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SCOTUS Blocks Texas Abortion Law; May Soon Get Voter ID Appeal

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By William Peacock, Esq. on October 15, 2014 9:59 AM

We've got two big pieces of news on the Supreme Court front, both involving issues of national importance: abortion and voting rights.

The biggest development has to be the Supreme Court's decision to vacate parts of a Fifth Circuit opinion that allowed Texas' new abortion law to go into effect; the law would effectively force all but a few abortion clinics in the state to close. The issue, and appeal, are likely to make it to the Court on the merits.

Meantime, back at the Fifth Circuit, the court allowed the Texas voter ID law to go into effect, despite the district court's finding that the law had a discriminatory purpose. That too will likely head to the High Court at some point.

The Abortion Appeal

The Supreme Court's one-page order, released Tuesday evening, blocked parts of the Fifth Circuit's ruling, which would have allowed Texas' abortion law to go into effect. The law requires abortion providers to have admitting privileges at a nearby hospital and requires clinics to meet ambulatory surgical standards.

The order vacated the Fifth Circuit's opinion as it applied to the admitting privilege requirement for two clinics in McAllen and El Paso. It also vacated the part of the opinion that applied generally to all clinics: the surgical-center requirement.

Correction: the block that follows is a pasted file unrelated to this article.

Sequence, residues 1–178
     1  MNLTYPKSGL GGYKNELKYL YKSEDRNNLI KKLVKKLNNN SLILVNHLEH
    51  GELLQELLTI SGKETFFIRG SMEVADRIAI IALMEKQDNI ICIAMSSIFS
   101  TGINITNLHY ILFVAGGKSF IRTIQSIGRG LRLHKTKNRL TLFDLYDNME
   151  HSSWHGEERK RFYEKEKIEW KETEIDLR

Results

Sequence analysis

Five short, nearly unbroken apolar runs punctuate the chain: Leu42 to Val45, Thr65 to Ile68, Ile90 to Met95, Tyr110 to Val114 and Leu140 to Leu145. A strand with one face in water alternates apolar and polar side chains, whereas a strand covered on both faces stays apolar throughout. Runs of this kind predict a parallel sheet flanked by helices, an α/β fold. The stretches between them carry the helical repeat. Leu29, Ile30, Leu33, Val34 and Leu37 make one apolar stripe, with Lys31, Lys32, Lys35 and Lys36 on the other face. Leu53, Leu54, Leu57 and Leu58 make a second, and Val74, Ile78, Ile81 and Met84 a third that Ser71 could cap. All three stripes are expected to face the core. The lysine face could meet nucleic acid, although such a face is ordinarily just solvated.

Thirteen clinics are now set to reopen, according to The New York Times.

This likely won't be the last the Court will hear about the controversial Texas abortion law: As the Times notes, Justice Stephen Breyer stated in a dissent from a denied stay in a parallel challenge to the law last year that he expected the admitting privileges case to return to the Court. On Thursday, the Fifth Circuit denied en banc review.

The Voter ID Appeal

This one is a bit less of a surprise: Last night, the Fifth Circuit allowed another controversial Texas law, the voter ID law, to go into effect. The ruling was unsurprising because of the handful of recent Supreme Court orders that all pointed in the same direction as the Court's Purcell v. Gonzalez: Preserve the status quo.

In fact, the Fifth Circuit's opinion states specifically that the Supreme Court "has repeatedly instructed courts to carefully consider the importance of preserving the status quo on the eve of an election." Judge Gregg J. Costa reluctantly concurred for the same reason.

And, as you might expect, a press release from the Brennan Center for Justice, issued immediately after the ruling, said that the plaintiffs would immediately appeal to the Supreme Court.

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